“[Hyperfixation] is something that happens to me all the time,” Max said. “It’s really not a good thing when it happens, so I figured that for other people who also have to deal with it, it would be good to find some ways to kind of overcome it. My whole [TED talk] is that you don’t have to work so hard and you can give yourself a break. Studying for hours with no breaks is really detrimental and it’s bad for you, so I’m trying to teach ways to deal with that.”

Since Max deals with hyperfixation, he wants to help other students not feel alone. His hope is that the audience will know that other people deal with it and that they’ll learn how to deal with it. He’s looking forward to the opportunity to teach them about that.

“[Being a part of FHC Inspires] is pretty exciting,” Max said. “I love public speaking and I love presentations. Being accepted into Inspires feels good to know that all of the public speaking I’ve done has actually led up to this.”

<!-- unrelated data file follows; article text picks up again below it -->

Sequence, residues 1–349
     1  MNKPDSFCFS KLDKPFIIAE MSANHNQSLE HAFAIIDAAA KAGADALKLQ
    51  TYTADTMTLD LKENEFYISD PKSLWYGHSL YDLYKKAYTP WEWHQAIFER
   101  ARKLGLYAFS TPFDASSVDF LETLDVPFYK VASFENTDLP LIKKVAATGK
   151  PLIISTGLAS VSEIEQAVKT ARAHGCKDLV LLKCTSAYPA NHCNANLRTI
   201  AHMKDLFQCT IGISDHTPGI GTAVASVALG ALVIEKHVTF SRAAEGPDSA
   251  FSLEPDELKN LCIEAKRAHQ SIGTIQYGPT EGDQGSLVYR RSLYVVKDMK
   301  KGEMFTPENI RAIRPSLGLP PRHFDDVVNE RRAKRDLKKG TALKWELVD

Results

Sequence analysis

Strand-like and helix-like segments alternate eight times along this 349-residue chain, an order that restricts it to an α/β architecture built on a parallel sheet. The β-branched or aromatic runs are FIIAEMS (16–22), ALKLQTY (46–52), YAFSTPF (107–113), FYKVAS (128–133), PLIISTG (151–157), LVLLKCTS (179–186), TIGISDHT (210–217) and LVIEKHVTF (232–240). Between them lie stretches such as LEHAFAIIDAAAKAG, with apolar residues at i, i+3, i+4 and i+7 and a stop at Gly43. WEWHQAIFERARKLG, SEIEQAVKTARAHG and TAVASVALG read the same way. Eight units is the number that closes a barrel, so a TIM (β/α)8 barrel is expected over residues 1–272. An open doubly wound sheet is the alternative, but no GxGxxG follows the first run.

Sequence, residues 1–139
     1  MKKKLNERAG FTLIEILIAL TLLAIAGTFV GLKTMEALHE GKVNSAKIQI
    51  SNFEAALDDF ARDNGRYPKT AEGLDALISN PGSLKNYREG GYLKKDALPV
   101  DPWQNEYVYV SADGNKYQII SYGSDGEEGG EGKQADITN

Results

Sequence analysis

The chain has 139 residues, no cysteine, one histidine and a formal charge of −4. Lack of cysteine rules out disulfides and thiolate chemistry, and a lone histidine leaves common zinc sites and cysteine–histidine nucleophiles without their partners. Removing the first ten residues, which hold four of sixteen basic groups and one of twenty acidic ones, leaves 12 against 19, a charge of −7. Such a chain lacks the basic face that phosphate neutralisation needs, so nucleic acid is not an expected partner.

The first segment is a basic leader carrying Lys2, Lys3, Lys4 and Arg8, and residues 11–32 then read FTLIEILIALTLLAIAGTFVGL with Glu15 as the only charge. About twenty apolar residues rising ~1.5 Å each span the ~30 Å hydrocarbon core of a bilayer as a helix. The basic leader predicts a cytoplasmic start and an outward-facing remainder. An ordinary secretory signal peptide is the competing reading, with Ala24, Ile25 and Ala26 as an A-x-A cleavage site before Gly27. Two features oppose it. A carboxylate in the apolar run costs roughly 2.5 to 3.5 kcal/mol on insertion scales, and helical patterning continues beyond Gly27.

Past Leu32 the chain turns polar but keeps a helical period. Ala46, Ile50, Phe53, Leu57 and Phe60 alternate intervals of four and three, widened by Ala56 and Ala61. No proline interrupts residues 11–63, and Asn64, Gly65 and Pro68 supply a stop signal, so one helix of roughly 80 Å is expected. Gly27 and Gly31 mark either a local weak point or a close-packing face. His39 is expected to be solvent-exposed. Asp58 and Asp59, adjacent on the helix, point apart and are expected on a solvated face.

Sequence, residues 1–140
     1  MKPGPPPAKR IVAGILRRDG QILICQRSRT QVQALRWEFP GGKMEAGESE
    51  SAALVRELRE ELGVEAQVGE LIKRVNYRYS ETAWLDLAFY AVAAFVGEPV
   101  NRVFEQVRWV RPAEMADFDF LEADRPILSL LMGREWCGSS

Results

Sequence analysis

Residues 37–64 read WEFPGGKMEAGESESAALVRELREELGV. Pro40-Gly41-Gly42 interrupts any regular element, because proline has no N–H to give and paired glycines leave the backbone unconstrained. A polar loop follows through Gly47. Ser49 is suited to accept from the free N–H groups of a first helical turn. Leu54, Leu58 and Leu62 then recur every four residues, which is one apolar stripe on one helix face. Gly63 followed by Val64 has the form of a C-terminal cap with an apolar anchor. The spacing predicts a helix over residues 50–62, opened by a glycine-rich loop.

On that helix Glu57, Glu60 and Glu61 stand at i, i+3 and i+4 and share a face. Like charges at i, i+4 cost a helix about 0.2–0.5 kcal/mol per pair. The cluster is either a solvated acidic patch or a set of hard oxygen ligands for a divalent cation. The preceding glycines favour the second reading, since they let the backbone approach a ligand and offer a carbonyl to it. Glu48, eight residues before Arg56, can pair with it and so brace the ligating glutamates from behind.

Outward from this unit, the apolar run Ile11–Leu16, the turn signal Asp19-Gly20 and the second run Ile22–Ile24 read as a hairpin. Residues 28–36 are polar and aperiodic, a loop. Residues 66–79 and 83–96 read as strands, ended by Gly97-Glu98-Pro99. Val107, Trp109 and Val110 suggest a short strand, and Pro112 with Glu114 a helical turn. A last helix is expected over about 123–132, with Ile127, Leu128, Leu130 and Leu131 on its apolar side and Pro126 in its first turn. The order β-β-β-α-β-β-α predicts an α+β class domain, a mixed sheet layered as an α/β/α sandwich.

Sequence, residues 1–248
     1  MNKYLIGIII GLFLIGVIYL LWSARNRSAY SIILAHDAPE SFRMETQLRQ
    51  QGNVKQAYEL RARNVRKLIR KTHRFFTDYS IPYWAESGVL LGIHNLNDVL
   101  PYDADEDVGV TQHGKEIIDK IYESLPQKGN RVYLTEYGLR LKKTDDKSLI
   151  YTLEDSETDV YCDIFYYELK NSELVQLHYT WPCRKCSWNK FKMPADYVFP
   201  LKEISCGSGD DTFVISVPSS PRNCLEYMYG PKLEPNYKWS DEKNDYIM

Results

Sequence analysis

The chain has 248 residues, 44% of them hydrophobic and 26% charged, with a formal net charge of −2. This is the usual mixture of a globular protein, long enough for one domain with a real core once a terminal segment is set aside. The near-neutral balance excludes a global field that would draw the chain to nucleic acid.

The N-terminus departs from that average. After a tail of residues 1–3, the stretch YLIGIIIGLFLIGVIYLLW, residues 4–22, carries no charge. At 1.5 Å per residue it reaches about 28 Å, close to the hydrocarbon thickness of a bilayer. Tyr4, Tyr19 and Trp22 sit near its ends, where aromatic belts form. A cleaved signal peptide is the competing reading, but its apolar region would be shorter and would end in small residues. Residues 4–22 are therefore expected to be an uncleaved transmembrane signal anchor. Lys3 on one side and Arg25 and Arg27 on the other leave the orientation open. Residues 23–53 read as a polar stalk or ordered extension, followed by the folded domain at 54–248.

Another one of the students who’s really looking forward to the opportunity is sophomore Rosary Wever. She’s particularly passionate about her topic because it came from one of her favorite shows, Grey’s Anatomy. She was watching one of the episodes and was thinking about one of the life lessons it showed. She realized she didn’t really know that much about life and fate, so she thought it would be a good topic to learn and then teach about. That’s when she decided to do her topic on fate.

“I hope to teach [the audience] a little bit about myself, and a little bit about fate,” Rosary said. “I just want to leave them kind of thinking about their lives and fate, and if everything was meant to be in their lives.”